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When it comes to protecting our mattress, using a mattress protector is a must. However, do you know how to wash a mattress protector and how often you need to?
Can You Wash a Mattress Protector?
First of all yes, you can definitely wash a mattress protector like you would your new set of sheets. That is the main reason for having one, since you are unable to wash your mattress.
While sleeping, we lose fluid, skin cells and any dirt on our bodies will rub off in the sheets. These tiny particles will push tough the fibers as we toss and turn, eventually making their way down and into the mattress.
Once inside of the mattress, it is almost impossible to pull it all back out, even with spot cleaning and vacuuming the top of your mattress.
Instead of having to worry about what’s falling through the cracks of your mattress and degrading its lifespan, opt to own and use a mattress protector.
A mattress protector is a thin fitted sheet that goes on your bare mattress and sits underneath your fitted and flat sheets. Most of the top rated mattress protectors are 100% waterproof and can hold more than a liter of liquid before you need to change it.
They are also engineered to be breathable through a cotton/terry blend that absorbs yet allows air to flow through so that you are not sweating due to the extra layer underneath you.
How to Wash a Mattress Protector
Whether you need to spot clean or completely launder your mattress protector then follow these steps to take care of spills, stains and regular refreshing.
If you catch spills or accidents in time, you can spot clean your mattress protector instead of having to wash it between scheduled washes.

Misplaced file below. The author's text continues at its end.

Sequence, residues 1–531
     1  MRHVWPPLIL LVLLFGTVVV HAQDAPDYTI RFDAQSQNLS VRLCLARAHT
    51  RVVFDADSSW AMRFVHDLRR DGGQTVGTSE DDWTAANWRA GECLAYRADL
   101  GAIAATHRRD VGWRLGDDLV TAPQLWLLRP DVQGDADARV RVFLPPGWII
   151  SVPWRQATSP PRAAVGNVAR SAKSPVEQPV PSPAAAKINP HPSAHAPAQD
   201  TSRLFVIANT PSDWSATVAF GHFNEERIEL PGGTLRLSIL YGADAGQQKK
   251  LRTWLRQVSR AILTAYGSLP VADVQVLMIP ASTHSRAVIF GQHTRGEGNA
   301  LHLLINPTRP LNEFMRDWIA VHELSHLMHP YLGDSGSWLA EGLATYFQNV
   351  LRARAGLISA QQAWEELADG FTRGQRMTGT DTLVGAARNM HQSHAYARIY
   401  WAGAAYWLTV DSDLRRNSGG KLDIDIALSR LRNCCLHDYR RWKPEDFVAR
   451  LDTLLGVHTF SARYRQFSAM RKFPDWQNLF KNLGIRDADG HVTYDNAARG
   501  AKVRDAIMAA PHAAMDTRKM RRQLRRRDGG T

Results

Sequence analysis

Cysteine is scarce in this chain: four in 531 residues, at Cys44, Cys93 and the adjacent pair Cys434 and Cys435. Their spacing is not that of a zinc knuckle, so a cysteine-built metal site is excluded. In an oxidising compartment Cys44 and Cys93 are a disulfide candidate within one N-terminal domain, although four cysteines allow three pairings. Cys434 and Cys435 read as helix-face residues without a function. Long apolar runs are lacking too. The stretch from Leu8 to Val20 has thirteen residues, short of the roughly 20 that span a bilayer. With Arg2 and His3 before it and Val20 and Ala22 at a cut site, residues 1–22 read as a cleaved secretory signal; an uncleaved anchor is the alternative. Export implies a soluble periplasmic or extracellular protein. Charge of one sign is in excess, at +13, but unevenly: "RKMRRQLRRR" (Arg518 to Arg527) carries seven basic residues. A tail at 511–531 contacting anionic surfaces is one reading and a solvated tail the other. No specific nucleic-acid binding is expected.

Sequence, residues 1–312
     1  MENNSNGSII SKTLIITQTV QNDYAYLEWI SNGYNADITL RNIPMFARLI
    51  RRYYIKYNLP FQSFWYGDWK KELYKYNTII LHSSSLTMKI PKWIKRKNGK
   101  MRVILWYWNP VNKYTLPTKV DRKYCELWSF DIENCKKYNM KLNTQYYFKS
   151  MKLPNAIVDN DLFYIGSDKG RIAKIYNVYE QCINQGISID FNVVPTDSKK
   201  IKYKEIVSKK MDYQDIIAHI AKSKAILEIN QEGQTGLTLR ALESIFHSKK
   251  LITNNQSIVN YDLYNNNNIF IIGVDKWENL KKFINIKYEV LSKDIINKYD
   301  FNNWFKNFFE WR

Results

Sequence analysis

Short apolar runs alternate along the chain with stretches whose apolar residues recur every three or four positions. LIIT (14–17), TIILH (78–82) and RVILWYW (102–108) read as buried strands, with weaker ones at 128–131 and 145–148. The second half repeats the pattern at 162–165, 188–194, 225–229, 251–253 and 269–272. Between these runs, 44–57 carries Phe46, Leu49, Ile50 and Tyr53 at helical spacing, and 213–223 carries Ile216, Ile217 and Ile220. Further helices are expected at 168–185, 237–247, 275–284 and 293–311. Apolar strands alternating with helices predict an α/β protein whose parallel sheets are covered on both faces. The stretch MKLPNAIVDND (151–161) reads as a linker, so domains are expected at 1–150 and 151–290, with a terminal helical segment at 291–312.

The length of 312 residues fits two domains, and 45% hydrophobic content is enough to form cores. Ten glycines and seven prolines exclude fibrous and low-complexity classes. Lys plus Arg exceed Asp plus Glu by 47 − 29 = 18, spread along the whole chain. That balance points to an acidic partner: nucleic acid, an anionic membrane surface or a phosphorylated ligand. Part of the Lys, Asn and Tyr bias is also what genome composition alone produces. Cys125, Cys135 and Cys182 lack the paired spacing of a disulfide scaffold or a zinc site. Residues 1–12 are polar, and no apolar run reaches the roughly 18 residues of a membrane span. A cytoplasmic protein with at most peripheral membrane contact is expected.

The best way to be able to spot clean is to do it as soon as the accident occurs or as soon as you notice it. Putting off spot cleaning may result in set in stains or permanent yellowing of your mattress protector and needing to wash it instead.
- Use a paper towel to blot up the excess moisture. (A paper towel will pull most of the liquid out)
- Do not rub the area, this can damage the mattress protector fibers and spread the stain further.
- Mix a little mild detergent with water to make it thinner and pour it in a spray bottle. (always use a spray bottle for spot cleaning since it controls the flow and keeps you from over soaking a spot)
- Agitate the detergent a little with your fingers to help awaken it. (Again, don’t scrub or rub)
- Use a clean cloth dipped in water to blot up the detergent
- Dip the soapy cloth in clean water and squeeze out the excess and repeat until there is no more soap on the mattress protector.
- Follow up with using paper towels to blot out any excess moisture to help your mattress protector dry faster.
- Allow it to air dry by hanging it up.
- Once fully dried replace and continue to use
It is important to control how much water you are using to spot clean. You don’t want to over soak the area with detergent or water, this won’t clean it any better and will take a longer amount of time to dry.